I just read the short book The Gospel of Thomas: Annotated & Explained by Stevan Davies. The Coptic Gospel of Thomas was discovered in 1945 as part of the Nag Hammadi finds. While considered a Gnostic text for some time, most scholars have come around to viewing it as an authentic document of the first century, a production of the same cultural and religious environment as the canonical gospels. Crossan, for instance, relies on it to the same extent as any of the canonical gospels in his studies of Jesus and the early church. Like the Dead Sea Scrolls, the 114 sayings of Jesus preserved in the Gospel of Thomas are both interesting and controversial.
There's little structure to the book, it is just a listing of sayings -- some short one-liners and others brief parables. Many of the sayings and several of the parables track canonical passages very closely, such as "Jesus said: Blessed are the poor, for yours is the Kingdom of Heaven" (GT 54). But many of the verses are unfamiliar, and a few are unlike anything found in the canonical gospels. There is little narrative context to any of the sayings, they are generally introduced with a simple "Jesus said." I'm just going to quote a few of the more interesting shorter verses.
10 Jesus said: I have thrown fire on the world.
Look! I watch until it blazes.
25 Jesus said: Love your brother as your own soul.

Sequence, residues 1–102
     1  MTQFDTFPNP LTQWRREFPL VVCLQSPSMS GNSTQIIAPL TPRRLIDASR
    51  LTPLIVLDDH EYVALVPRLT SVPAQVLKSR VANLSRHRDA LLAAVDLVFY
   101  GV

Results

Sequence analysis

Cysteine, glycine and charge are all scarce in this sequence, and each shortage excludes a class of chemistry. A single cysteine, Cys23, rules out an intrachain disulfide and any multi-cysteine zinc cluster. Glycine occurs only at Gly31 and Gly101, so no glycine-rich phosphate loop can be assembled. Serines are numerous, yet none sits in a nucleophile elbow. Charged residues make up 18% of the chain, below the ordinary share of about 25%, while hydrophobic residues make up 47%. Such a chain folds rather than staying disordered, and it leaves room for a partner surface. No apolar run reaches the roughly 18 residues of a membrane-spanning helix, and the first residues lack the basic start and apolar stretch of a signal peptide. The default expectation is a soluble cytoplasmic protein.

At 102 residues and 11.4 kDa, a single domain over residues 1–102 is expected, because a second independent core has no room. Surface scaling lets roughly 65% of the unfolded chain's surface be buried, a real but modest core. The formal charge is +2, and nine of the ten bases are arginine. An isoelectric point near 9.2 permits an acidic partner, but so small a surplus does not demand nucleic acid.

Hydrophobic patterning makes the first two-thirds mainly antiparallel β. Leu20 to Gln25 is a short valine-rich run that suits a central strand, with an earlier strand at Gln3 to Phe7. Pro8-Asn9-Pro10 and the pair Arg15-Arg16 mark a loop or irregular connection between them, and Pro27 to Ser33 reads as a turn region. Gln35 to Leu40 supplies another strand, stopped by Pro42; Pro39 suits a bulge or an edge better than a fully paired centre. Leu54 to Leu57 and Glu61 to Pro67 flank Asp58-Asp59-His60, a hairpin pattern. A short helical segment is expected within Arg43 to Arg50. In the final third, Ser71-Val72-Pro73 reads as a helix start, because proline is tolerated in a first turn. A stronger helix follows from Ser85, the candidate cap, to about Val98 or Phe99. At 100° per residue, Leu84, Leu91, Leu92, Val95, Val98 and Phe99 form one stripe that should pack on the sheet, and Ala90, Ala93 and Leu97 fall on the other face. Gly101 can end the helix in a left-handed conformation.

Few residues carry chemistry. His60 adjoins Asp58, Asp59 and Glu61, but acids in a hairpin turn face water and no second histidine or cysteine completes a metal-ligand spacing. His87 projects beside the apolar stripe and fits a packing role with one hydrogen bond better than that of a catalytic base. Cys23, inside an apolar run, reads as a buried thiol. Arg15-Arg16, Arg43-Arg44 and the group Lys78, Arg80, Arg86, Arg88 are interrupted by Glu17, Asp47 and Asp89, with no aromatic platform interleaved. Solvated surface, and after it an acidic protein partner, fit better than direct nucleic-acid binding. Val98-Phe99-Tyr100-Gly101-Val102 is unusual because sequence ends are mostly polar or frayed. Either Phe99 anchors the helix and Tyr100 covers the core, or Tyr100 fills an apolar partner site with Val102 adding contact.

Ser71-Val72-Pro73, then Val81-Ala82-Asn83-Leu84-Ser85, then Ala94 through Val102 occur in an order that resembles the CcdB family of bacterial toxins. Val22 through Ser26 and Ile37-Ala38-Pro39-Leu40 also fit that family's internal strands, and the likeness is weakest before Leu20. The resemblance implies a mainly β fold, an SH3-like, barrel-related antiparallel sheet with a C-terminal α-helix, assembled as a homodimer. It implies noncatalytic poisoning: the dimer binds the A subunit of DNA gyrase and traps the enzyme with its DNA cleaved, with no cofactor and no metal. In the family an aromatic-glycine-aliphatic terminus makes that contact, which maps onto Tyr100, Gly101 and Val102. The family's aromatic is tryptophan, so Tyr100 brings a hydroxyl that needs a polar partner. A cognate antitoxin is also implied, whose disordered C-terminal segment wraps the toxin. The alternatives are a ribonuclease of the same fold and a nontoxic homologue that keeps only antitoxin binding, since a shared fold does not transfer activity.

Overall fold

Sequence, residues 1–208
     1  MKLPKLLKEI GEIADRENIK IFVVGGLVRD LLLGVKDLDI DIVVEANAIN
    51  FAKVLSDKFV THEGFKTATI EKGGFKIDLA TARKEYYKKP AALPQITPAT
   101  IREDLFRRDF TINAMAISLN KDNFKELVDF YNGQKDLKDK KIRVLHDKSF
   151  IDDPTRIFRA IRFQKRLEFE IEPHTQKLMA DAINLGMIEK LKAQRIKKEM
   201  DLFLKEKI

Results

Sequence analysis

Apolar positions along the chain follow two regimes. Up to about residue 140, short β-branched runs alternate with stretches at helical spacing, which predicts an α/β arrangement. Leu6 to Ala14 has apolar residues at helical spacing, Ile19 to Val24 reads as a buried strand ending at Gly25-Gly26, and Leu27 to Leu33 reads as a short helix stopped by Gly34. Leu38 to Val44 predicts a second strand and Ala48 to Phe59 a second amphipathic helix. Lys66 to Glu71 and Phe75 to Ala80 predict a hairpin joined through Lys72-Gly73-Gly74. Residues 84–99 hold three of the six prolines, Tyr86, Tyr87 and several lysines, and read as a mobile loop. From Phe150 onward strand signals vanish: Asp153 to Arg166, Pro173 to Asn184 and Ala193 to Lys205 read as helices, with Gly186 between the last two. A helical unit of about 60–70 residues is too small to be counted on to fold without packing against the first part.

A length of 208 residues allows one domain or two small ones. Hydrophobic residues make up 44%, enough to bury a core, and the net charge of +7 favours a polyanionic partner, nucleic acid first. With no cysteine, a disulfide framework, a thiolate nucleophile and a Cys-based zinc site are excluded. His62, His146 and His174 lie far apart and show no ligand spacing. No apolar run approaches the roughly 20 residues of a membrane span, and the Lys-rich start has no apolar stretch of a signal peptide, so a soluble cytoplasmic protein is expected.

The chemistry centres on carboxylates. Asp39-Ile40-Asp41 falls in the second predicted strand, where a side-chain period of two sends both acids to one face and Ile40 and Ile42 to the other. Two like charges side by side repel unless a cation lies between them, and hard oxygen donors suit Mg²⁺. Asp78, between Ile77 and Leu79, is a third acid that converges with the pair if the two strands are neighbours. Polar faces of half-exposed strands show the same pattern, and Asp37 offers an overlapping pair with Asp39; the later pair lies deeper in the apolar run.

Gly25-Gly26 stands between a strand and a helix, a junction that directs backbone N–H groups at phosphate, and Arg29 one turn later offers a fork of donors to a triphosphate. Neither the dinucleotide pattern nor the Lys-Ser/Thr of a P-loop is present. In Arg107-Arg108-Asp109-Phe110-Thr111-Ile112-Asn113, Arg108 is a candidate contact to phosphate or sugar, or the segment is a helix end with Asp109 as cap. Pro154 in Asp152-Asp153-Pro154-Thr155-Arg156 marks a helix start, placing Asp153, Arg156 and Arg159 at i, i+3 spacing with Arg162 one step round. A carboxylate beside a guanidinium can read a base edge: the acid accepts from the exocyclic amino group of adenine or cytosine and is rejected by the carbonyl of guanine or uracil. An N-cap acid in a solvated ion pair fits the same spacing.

Protect him as you protect the pupil of your eye.
42 Jesus said: Be one of those who pass by.
[or: Be passers-by.]
67 Jesus said: One who knows everything else
but does not know himself knows nothing.
77 Jesus said: I am the light above everything. I am everything.
Everything came forth from me, and everything reached me.
Split wood, I am there.
Lift up a rock, you will find me there.
Here are a couple of unfamiliar parables:
97 Jesus said: The Kingdom of the Father is like a woman who was carrying a jar full of grain. As she walked along a handle of her jar broke off and grain trickled out, but she didn't notice. When she arrived in her house, she put the jar down and found it empty.
98 Jesus said: The Kingdom of the Father is like a man who intended to kill a powerful man. He drew out his sword in his own house and stabbed it into a wall to test his own strength. Then he killed the powerful man.
The Gospel of Thomas stresses self-knowledge and the motif, seen in some canonical passages, that "the kingdom of God is within you." I'm not sure what to make of the Gospel of Thomas, but traditional Christianity appears to want nothing to do with it—it's only religious scholars who seem to take an interest in the text.